Over the course of her career, Marla Drutz has been at the epicenter of fast-paced, high-intensity TV news operations at stations in Cleveland and Detroit.
For the last four decades, if a story led our local newscasts on WDIV-TV Local 4, you can bet Marla Drutz was among those who knew about it first. She’s had what she describes as a “front row, 50-yard-line-seat” to daily news events and history in the making. Now, the vice president and general manager of Detroit’s NBC affiliate is retiring after holding the station’s top job for 13 years. Her last day was in mid-November.
“I’ve become very much in awe of the coverage,” she says. “So much work goes into putting together a product that’s fair and accurate. It’s been a phenomenal ride. I don’t think I could have asked for a better career. It’s been the honor of my life.”
Over the course of her career, Drutz has been at the epicenter of fast-paced, high-intensity TV news operations at stations in Cleveland and Detroit. She’s played an integral role in research, programming and TV station management — making critical decisions about what and who you see on the air. It’s unusual for a woman, let alone a Jewish woman, to serve as a TV station general manager. Drutz has led the way with grace and ease.
“Marla is a dynamic local broadcaster who loves, eats and breathes everything about serving a local market,” Emily Barr, president and CEO of Graham Media Group, WDIV’s parent company, said in published reports. “She consistently demonstrates a keen ability to … create engaging news and local programming and increase revenue while leading a management team dedicated to growing ratings and upholding the highest standards of journalistic integrity.”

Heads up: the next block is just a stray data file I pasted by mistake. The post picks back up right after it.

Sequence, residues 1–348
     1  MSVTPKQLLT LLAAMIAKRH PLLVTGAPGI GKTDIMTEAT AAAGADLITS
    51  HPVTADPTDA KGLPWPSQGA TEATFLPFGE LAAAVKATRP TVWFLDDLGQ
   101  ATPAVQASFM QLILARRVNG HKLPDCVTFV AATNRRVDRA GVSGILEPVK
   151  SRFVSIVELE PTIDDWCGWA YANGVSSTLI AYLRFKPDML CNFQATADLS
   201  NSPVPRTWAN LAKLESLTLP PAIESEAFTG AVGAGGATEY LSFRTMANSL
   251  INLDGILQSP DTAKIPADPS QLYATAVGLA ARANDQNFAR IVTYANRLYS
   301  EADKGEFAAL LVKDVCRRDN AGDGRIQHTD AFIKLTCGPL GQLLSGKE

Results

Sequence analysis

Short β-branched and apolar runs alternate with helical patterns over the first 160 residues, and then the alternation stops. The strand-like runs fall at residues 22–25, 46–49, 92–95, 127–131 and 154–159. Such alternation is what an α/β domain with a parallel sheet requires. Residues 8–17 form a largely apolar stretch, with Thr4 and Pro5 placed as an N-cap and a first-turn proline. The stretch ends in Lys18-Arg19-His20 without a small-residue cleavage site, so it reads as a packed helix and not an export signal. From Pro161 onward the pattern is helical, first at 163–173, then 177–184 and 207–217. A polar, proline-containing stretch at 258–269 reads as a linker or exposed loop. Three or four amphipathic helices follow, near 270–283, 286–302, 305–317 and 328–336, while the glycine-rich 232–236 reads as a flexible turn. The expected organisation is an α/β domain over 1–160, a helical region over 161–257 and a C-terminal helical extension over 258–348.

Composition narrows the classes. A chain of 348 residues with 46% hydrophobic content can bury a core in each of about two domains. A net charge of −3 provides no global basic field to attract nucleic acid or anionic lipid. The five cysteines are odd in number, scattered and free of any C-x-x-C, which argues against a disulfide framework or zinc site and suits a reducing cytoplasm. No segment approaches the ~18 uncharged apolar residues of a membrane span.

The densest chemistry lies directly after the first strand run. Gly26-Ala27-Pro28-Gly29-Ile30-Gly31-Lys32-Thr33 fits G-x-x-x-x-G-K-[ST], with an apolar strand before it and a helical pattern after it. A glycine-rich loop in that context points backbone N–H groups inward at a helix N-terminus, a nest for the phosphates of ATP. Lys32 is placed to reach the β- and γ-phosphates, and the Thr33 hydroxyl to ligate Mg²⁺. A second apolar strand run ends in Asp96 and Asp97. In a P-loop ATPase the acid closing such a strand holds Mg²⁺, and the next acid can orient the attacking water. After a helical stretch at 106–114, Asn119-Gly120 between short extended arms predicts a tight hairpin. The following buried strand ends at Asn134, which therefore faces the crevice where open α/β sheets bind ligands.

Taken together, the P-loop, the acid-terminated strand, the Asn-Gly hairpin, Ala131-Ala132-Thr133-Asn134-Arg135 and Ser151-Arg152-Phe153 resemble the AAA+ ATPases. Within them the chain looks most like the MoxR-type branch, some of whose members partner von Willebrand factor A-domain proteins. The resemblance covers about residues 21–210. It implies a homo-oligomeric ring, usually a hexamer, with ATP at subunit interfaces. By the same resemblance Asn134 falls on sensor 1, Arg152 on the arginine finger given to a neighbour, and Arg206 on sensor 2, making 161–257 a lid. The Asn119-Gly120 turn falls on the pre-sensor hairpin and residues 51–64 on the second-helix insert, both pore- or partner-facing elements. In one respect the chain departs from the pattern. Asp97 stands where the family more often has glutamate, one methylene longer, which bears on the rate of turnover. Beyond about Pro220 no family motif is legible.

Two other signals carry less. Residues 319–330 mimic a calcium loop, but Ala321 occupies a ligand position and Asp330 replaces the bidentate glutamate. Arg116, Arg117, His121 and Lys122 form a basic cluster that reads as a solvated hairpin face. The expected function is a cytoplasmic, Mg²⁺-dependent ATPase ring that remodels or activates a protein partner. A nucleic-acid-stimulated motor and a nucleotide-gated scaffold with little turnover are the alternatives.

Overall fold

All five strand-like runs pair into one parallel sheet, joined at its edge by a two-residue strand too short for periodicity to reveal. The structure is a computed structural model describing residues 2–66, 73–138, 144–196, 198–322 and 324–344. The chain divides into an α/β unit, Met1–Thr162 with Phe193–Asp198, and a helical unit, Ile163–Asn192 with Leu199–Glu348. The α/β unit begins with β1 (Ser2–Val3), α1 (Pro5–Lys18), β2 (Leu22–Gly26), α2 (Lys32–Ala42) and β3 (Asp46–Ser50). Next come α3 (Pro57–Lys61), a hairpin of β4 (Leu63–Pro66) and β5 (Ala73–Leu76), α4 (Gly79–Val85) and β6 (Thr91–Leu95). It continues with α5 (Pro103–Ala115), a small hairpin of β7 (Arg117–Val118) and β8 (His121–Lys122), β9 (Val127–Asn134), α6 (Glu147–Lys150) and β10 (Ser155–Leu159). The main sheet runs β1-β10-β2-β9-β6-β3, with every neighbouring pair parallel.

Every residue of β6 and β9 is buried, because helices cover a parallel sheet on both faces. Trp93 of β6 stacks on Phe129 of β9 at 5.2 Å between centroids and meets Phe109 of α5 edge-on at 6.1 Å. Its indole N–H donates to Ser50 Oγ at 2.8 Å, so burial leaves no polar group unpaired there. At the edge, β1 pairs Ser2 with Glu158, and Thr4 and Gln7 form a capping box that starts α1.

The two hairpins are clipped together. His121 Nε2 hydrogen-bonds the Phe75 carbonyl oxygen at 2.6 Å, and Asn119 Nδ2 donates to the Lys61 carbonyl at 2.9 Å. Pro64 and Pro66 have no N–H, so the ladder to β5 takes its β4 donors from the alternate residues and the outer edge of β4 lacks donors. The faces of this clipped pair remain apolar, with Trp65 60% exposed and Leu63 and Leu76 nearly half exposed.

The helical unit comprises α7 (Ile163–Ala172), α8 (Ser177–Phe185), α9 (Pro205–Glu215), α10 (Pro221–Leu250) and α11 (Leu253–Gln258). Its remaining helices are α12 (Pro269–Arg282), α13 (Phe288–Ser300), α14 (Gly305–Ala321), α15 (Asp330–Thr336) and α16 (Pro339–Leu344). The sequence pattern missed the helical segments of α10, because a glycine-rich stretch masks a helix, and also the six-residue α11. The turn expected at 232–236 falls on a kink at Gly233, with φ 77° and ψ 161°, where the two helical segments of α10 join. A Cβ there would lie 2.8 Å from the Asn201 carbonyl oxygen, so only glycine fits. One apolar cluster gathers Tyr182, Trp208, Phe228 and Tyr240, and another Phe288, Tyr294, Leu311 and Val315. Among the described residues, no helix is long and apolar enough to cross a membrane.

Drutz grew up in Louisville, Kentucky, but Ohio was the launching pad for her career. She graduated from Ohio University and pursued a master’s degree at what is now Cleveland State. As she was approaching graduation, the school’s placement office helped her land an entry-level job as a research analyst at WJKW-TV (now known as WJW-TV). That’s where she met the first of what she calls her “patron menschen,” the station’s general manager Bill Flynn.
“He took me in, he schooled me, he explained the industry to me and made sure to connect me with people at the station who could teach me,” she says. “I’ve been fortunate throughout my career to have people who have been so gracious and kind to me, and I’ve tried to pass it on. I feel I have an obligation to pay it forward.”
In 1984, when Flynn got transferred to WJBK-TV (now Fox 2 News) in Detroit, he brought along some of his all-star team members and that included Marla. Her then-
boyfriend (now long-time husband) Ron Kaplovitz came along with her, and they built a life together in the Motor City, joining Congregation Shaarey Zedek in Southfield and raising a son who attended Hillel Day School.
“There’s no greater hospitality than Midwestern hospitality — especially among the Jewish community,” she says. “That made it easy for us to fall in love with Metro Detroit.”
Drutz worked as research director and marketing director for WJBK then became research and program director for Detroit’s ABC affiliate, WXYZ. After 20 years there, Channel 4 came calling with an offer she couldn’t refuse — the opportunity to lead a station, something she’d always wanted to do. Drutz has received many honors for her work including Emmy Awards and being named Broadcasting & Cable’s General Manager of the Year. A multiplication buff, she figures she’s driven to and from work at least 20,000 times — even throughout the COVID-19 pandemic — when she went to work every day to be alongside her team.
To celebrate her trailblazing, fearless and compassionate leadership, Channel 4 recently threw a retirement party for Drutz in a tent outside the station featuring an appearance by the Detroit Youth Choir of America’s Got Talent fame. She says she and her husband plan to stay in Detroit but will likely spend winters in a warmer climate. The next chapter of her career will focus on nonprofit work.
“I have a strong desire to give back to the community, particularly helping Detroit-area organizations,” she said. “This is a part of my life I’m really looking forward to.”